Children who are entitled to Free School Meals and Children who are Looked After attract addition funding for schools. This is called Pupil Premium. Ofsted also describe these children as "disadvantaged".
- We know that high quality teaching is at the core of all pupil premium work
- We ensure that teaching and learning opportunities meet the needs of all of the pupils.
- We ensure that appropriate provision is made for pupils who belong to vulnerable groups, this includes ensuring that the needs of socially disadvantaged pupils are adequately assessed and addressed.
- In making provision for socially disadvantaged pupils, we recognise that not all pupils who receive free school meals will be socially disadvantaged.
- We also recognise that not all pupils who are socially disadvantaged are registered or qualify for free school meals. We reserve the right to allocate the Pupil Premium funding to support any pupil or groups of pupils the school has legitimately identified as being socially disadvantaged.
- Pupil premium funding will be allocated following a needs analysis which will identify priority classes, groups or individuals. Limited funding and resources means that not all children receiving free school meals will be in receipt of pupil premium interventions at one time.
- Our aim for Pupil Premium pupils is ambitious. We want Pupil Premium Pupils to do better than the average for all pupils nationally.
The range of provision the Governors may consider include:
- Reducing class sizes thus improving opportunities for effective Assessment for Learning and accelerating progress
- Providing small group work with an experienced teacher focussed on overcoming gaps in learning
- 1 to 1 support
- Additional teaching and learning opportunities provided through learning mentors, trained TAs or external agencies
- Increasing opportunities for Pupil Premium eligible pupils and broadening their experience.
All our work through the pupil premium will be aimed at accelerating progress, moving children to at least age related expectations. Initially this will be in English and Maths. Pupil Premium resources may also be used to target able children on FSM to achieve greater than the expected standards at the end of KS1 and KS2.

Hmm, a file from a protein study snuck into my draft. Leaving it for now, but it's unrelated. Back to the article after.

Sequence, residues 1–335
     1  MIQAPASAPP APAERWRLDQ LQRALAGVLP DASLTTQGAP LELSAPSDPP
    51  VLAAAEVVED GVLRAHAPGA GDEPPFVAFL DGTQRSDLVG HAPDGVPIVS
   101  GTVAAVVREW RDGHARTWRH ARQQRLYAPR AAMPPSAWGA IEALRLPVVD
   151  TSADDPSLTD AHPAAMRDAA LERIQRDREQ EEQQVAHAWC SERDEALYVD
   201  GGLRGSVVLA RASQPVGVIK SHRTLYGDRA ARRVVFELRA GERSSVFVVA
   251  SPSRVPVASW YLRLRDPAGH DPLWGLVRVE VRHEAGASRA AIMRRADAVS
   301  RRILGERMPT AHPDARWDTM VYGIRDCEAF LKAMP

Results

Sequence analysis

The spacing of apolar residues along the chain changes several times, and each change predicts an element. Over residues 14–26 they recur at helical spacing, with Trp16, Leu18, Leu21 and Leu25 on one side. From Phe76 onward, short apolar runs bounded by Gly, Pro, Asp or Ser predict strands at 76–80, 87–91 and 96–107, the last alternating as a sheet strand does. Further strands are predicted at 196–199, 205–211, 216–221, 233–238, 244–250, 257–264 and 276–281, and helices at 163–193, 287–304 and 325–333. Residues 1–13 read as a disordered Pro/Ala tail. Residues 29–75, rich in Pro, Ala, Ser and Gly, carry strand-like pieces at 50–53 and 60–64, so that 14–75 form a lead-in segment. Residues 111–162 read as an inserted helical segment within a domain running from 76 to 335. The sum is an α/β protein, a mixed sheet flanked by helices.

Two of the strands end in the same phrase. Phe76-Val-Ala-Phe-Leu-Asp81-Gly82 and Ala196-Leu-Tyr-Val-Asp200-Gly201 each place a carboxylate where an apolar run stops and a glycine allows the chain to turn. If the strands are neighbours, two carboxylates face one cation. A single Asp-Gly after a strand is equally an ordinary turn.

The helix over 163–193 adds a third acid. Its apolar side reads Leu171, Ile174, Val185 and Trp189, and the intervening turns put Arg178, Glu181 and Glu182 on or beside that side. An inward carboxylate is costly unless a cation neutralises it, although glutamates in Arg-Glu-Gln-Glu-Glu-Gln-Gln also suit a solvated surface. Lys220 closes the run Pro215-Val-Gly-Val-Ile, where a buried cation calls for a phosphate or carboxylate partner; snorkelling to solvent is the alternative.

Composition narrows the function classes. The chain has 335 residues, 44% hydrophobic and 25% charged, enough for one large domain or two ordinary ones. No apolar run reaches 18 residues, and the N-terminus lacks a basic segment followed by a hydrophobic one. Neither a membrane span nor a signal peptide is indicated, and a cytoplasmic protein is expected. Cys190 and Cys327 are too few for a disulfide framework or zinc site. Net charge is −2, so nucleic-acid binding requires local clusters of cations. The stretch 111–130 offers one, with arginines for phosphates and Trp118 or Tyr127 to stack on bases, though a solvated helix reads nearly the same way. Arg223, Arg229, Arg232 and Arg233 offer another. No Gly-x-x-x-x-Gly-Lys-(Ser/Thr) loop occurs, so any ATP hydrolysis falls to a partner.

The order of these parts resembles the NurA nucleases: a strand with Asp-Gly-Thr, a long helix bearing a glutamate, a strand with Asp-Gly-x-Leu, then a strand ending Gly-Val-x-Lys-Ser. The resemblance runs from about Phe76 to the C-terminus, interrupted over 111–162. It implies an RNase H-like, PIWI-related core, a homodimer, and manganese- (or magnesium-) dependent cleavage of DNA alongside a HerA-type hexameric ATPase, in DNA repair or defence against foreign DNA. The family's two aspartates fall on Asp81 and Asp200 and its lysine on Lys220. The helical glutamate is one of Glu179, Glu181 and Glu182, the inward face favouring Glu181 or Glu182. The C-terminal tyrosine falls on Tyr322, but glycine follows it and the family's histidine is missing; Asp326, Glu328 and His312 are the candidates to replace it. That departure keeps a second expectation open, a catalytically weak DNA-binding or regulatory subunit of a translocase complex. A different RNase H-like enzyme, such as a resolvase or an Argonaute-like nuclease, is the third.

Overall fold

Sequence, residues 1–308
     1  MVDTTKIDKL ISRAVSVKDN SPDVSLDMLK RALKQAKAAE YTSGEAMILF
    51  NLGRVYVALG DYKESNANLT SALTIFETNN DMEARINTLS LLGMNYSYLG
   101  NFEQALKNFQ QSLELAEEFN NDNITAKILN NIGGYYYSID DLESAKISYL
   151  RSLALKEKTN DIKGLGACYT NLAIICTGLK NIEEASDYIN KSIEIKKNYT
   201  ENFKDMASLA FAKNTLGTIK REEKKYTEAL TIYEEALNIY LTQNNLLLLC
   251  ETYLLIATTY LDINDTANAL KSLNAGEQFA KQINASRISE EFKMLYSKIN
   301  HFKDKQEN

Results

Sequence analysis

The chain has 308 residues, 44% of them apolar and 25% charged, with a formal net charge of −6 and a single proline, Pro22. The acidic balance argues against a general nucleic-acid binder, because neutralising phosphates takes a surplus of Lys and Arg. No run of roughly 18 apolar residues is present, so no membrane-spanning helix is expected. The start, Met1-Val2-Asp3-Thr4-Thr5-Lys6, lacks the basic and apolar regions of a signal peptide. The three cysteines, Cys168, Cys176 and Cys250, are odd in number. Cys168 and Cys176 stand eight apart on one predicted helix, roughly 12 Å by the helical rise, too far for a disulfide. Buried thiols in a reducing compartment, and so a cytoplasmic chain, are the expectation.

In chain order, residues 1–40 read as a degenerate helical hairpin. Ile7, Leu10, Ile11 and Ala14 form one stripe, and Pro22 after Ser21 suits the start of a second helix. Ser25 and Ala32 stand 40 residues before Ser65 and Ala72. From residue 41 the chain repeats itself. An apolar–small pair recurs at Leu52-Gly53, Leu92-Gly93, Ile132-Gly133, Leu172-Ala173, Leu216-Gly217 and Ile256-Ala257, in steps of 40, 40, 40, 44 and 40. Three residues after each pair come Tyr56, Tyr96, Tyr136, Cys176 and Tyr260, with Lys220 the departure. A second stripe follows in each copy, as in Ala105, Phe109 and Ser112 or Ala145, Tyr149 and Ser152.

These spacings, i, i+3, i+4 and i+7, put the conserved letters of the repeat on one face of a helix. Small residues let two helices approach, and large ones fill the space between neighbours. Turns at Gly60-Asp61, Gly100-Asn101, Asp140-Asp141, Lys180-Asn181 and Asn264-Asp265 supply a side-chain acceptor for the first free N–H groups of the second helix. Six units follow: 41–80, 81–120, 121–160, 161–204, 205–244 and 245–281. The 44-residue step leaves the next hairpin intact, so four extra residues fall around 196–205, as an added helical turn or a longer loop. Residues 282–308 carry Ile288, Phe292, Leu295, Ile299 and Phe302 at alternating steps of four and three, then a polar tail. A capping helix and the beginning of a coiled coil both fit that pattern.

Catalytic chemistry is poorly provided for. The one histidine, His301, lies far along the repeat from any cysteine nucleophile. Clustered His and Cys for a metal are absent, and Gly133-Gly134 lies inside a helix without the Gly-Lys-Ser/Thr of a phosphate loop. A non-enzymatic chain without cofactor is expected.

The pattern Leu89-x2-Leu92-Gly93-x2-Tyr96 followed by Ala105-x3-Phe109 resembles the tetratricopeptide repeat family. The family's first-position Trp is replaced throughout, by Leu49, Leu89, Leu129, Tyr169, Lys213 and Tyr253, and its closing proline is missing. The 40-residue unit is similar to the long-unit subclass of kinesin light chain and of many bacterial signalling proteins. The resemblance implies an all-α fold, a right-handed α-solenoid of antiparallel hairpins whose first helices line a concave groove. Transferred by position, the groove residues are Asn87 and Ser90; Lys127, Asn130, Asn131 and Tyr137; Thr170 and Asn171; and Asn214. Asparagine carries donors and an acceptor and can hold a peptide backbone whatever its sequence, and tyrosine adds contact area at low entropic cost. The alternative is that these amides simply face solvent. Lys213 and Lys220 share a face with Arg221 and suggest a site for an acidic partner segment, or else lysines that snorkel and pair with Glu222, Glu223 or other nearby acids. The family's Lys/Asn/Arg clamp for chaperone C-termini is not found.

The Governors of the school have published information on how they have used their Pupil Premium Grant to address the issue of ‘narrowing the gap’, for socially disadvantaged pupils.
Grant Allocation 16/17
The Pupil Premium Grant Allocation for 2016/17 was £29,365 (September to March)
The school targeted the PPG in 2016-2017 for specific interventions for children in receipt of pupil premium who were at risk of under-achieving.
Barriers to learning:
School data shows that the following areas need to be a focus in order to raise standards:
- Increase the oral skills of children in FS2 and KS.
- Raise attainment in reading and writing in Y2.
- Address social needs of groups of children in each year group through specialist counselling support.
- Provide additional support for children with SEND in Key Stage 2.
- To raise attainment of children vulnerable to underachievement in English in Key Stage 2.
- Enrich the experiences of some children in receipt of PPG.
We will continue to monitor the impact of the PPG through Pupil Progress meatings 6 times a year. This information will help us make informed decisions about interventions and future provision. We will also continue to use the national assessments at the end of Key Stage 1 and 2 to evaluate the impact of Pupil Premium.
Grant Allocation 15/16
Our Pupil Premium Grant (PPG) Allocation for 2015/16 was £41,100.
Pupil Premium Grant was used for:
- The continuation of the Numbers Count Programme.
- Additions TA time to support intervention groups in FS2 and Key Stage 1.
- Training for staff to improve the quality of teaching from both teachers and teaching assistants through Challenge Partners.
- Enrichment activities for pupils.
- Funding for school trips
- Purchase of The Yes Programme a teaching resource aimed at raising aspiration.
- Funding of the Time to Talk counselling service.
The impact of Pupil Premium in 2015/16 has been positive.
Through the Challenge Partners Programme of CPD and through its Quality Assurance Review the school has improved quality first teaching, having a positive effect for all children.
As a group, pupils in Y6 had positive progress measures in reading (3.48) and writing (2.76) but did less well in maths (-1.94). Some of these children achieved very well based on prior attainment.
All children eligible for PP in KS1 reached the expected standard.
In the Phonics check in Year 1, 75% of the children reached the required standard, a similar figure to those not eligible for pupil premium. 67% of children achieved a Good Level of Development at the end of their Reception year. This was slightly higher than pupils in the school not eligible for Pupil Premium.
It should however be noted that the numbers of children eligible for Pupil Premium in each of these groups is very small and that therefore comparisons with school and national results need to be treated with caution.
Children and parents have reported positive social outcomes for children who have taken up the Time to Talk Counselling Service and individual support programmes have been positive for the children involved.
The Pupil Premium grant has also been used to allow some children to take part in Gifted and Talented courses that they might not otherwise have been able to access.